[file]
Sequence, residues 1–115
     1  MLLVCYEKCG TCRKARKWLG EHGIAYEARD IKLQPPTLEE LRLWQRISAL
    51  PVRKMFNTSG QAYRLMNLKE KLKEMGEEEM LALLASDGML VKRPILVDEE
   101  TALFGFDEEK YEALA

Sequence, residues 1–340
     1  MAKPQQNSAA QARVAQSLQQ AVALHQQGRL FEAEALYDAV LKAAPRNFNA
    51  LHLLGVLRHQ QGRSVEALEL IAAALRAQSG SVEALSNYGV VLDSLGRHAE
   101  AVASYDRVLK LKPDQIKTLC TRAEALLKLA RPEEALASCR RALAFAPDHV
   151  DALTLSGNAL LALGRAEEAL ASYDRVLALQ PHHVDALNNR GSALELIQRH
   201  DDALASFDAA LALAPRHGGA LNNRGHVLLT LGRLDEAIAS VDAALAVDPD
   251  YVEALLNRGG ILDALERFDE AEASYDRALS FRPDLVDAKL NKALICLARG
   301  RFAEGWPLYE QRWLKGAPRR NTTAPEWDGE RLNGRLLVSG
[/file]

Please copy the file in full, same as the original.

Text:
Sequence, residues 1–115
     1  MLLVCYEKCG TCRKARKWLG EHGIAYEARD IKLQPPTLEE LRLWQRISAL
    51  PVRKMFNTSG QAYRLMNLKE KLKEMGEEEM LALLASDGML VKRPILVDEE
   101  TALFGFDEEK YEALA

Sequence, residues 1–340
     1  MAKPQQNSAA QARVAQSLQQ AVALHQQGRL FEAEALYDAV LKAAPRNFNA
    51  LHLLGVLRHQ QGRSVEALEL IAAALRAQSG SVEALSNYGV VLDSLGRHAE
   101  AVASYDRVLK LKPDQIKTLC TRAEALLKLA RPEEALASCR RALAFAPDHV
   151  DALTLSGNAL LALGRAEEAL ASYDRVLALQ PHHVDALNNR GSALELIQRH
   201  DDALASFDAA LALAPRHGGA LNNRGHVLLT LGRLDEAIAS VDAALAVDPD
   251  YVEALLNRGG ILDALERFDE AEASYDRALS FRPDLVDAKL NKALICLARG
   301  RFAEGWPLYE QRWLKGAPRR NTTAPEWDGE RLNGRLLVSG